By Danny Crownover
Jewish folks were living in Gadsden as early as 1900. Among these locals were Jacob and Bertha Nadler, Hugo Hecht, David Reich and Albert Hagedorn. By 1903, the entirety of the Gadsden Jewish population – roughly 10 families – decided to meet communally on Sunday mornings in order to provide a Jewish education for their growing number of children. With no place of their own to gather, the group met on the southeast corner of Fifth and Cherry streets in the Nadlers’ living room.
In 1908, the new community gathered together in a rented room in the Gadsden National Bank building to hold its first High Holiday services lead by Hugo Hecht and Jacob Nadler.
Even though they were new to the community, the Jews of Gadsden quickly gained prominent roles in the town as leading merchants. Newspapers from that period were littered with advertisements for Saks Department Store, Frank & Hagedorn Men’s Ware and Herzberg-Loveman & Company showcasing the latest in ladies’ headwear.
Among these early retailers was the Zemurray family, whose brothers Isadore and Sam ran a small fruit shop. Sam “The Banana Man” Zemmuray later moved to New Orleans and became the CEO of the infamous United Fruit Company, where he often dabbled in international affairs and Latin American politics. The Cohn family later started Marvin’s Home Centers, which still has locations across the deep South.
As their shops grew, these men gained ties with non-Jewish members of the larger Gadsden community. Gadsden business leaders played a famous weekly poker game. By all accounts, the Jewish men shared part of their winnings from these games to pay for the eventual construction of a synagogue. The Jewish women of Gadsden formed a sisterhood in 1911, and rather than using high-stakes games of seven-card stud or blackjack to raise money, the ladies hosted sandwich sales. This was the beginning of a long line of sisterhood fundraisers. Thanks to poker winnings, sisterhood fundraising efforts and personal contributions, the Jews of Gadsden broke ground on their temple on March 8, 1922. The first service at Temple Beth Israel was held on Nov. 24, 1924.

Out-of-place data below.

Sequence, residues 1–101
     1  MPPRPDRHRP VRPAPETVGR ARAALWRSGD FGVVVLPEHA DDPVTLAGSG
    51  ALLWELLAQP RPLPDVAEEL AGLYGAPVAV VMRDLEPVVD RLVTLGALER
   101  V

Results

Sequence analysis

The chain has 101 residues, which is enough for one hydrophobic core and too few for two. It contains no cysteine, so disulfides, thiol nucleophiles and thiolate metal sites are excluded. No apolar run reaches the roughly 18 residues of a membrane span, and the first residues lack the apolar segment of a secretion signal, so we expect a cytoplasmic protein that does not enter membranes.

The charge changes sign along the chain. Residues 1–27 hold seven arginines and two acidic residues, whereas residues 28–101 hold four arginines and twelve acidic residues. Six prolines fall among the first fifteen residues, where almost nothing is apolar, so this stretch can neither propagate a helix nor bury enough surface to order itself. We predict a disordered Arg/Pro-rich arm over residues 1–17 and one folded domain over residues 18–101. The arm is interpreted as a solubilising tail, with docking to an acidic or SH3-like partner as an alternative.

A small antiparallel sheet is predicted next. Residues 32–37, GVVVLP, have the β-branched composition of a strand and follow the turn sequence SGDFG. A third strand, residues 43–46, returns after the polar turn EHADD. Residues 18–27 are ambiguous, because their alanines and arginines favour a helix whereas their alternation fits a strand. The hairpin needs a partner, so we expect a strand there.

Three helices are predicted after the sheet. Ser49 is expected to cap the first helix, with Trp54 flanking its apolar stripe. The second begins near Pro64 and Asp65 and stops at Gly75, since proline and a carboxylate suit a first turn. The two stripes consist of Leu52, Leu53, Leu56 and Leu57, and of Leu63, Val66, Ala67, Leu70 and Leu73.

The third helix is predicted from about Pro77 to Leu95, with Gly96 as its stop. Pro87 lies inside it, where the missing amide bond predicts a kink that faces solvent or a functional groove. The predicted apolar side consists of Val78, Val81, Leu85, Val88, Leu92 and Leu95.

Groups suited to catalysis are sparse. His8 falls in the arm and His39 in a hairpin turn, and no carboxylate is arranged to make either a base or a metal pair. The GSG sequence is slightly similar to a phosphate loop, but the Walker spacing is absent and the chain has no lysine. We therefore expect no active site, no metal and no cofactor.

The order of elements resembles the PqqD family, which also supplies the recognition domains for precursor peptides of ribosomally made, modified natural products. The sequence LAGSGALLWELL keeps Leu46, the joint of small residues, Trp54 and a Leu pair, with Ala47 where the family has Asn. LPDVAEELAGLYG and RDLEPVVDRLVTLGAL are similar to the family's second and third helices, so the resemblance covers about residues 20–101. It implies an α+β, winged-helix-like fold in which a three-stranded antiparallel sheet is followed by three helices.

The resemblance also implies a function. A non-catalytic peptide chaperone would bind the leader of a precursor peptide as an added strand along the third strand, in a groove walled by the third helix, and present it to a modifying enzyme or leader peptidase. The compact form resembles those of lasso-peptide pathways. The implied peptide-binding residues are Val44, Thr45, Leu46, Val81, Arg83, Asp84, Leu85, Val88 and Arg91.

Nearby Camp Sibert brought large numbers of Jewish servicemen to the area during World War II. After the war, the congregation numbered about 30 families and hired its first full-time rabbi.
March 26, 1960 was going to be a historic day for Congregation Beth Israel toward dedication of a new addition to its synagogue. Donated by the Zemurray family, the wing included religious school classrooms and a new kitchen. It was the first major construction the congregation had done on the building since 1922.
When the majority of the 60-family congregation gathered to celebrate the opening of the new wing, they could not have foreseen that this day would be historic for more unfortunate and tragic reasons.
What they did not know was that a deeply troubled 16-year-old boy named Hubert Jackson, Jr., alias Jerry Hunt, was driving around the neighborhood looking for Beth Israel.
After the sanctuary filled with adults and children settling into their seats, Rabbi Saul Rubin began the service in dedication to the new addition. In the spirit of the inscription above the door, “Love Thy Neighbor as Thyself,” two prominent pastors, Rev. John Speaks and Dr. Franklin Denson of First Methodist Church, had joined Beth Israel for the service.